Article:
I'm writing this week's Culture Vulture from the stands at Sky Sox Stadium. The blue of the sky and the green of the diamond are both the perfect hues of happy times. Beyond the ad-plastered fence -- where All-Star hitter Jack Cust just banished another ball -- lies the cookie-cutter cluster of homes that seems so aesthetically appalling from the road, and yet perfectly idyllic from here behind home plate. This game, the stadium, and the team, I realize, represent everything I love and hate about Colorado Springs culture.
1). Here's a world-class baseball team in our own back yard, and the ratio of trash to people is about 5 to 1. At times it's so quiet you can hear a lonesome cup tumbling listlessly in the aisles.
Love: how easy it is to walk right in, sit right down, and baby, let my hair hang down. There may not be that many great events in this town, but when there is one, you know there'll be plenty of room for you and your trash.
Hate: No one shows up for this town's pleasure treasures. I'm not just talking about baseball.
2). OK, they're minor league. So what? Colorado Springs is a minor-league town. Two seats to my left and a row up, pitcher Chuck Smith -- who allowed only one run in six innings in yesterday's eventual loss -- is clocking pitches and figuring averages on a napkin. We shoot the shiznit a little bit as he tries to remember the name of the last team he played for in a long string of trades that finally landed him here.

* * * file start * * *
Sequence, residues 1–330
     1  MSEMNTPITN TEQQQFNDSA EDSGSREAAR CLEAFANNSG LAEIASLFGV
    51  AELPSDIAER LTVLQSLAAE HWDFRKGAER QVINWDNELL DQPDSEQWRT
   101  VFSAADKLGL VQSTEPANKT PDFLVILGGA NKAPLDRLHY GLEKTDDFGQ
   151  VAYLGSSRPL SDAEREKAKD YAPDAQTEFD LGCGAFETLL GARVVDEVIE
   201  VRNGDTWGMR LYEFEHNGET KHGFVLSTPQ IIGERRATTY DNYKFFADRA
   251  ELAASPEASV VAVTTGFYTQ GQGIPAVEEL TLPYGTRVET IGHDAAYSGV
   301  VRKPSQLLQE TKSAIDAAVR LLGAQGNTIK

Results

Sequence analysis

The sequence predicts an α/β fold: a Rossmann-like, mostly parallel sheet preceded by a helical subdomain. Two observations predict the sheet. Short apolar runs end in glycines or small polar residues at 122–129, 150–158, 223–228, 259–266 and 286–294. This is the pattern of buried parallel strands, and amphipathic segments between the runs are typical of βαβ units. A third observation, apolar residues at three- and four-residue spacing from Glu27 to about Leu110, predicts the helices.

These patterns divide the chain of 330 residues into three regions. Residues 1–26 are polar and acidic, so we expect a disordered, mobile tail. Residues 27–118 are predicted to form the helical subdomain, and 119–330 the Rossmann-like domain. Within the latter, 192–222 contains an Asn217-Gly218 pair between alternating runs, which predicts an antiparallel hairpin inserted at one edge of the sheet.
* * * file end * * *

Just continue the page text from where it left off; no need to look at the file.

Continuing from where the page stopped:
Love: This town is a thoroughfare for some incredible talent.
Hate: Hardly any of that talent ever stays. Take the hip-hop scene, for example. The totally talented up-and-comer Revanon just moved to Florida when his personal economy collapsed. Idiolectic Conception seems destined for a similar continental drift. Are we ever going to be major league in anything?
3). The stadium is halfway to Kansas in a sea of oversized, yet well-painted particle board lean-tos.
Love: how 1950s this town still wants to be and the fact that the majority of the Christian-freak-free-for-all has been largely confined to this half of town.
Hate: how 1950s this town still wants to be and the fact that the Christian-freak-free-for-all has taken over this half of town.
So here's what I want to say about all this: I'm sure I'll always have this love/hate thing with the Springs. I grew up here, and I've watched it blossom and flop in its various ways. We have the new Depot Art District and the new wing of the Fine Arts Center to look forward to, and quite possibly another addition to the military mall complex if the new Homeland Defense headquarters gets the go-ahead.
More love, and hate.
Ain't it grand.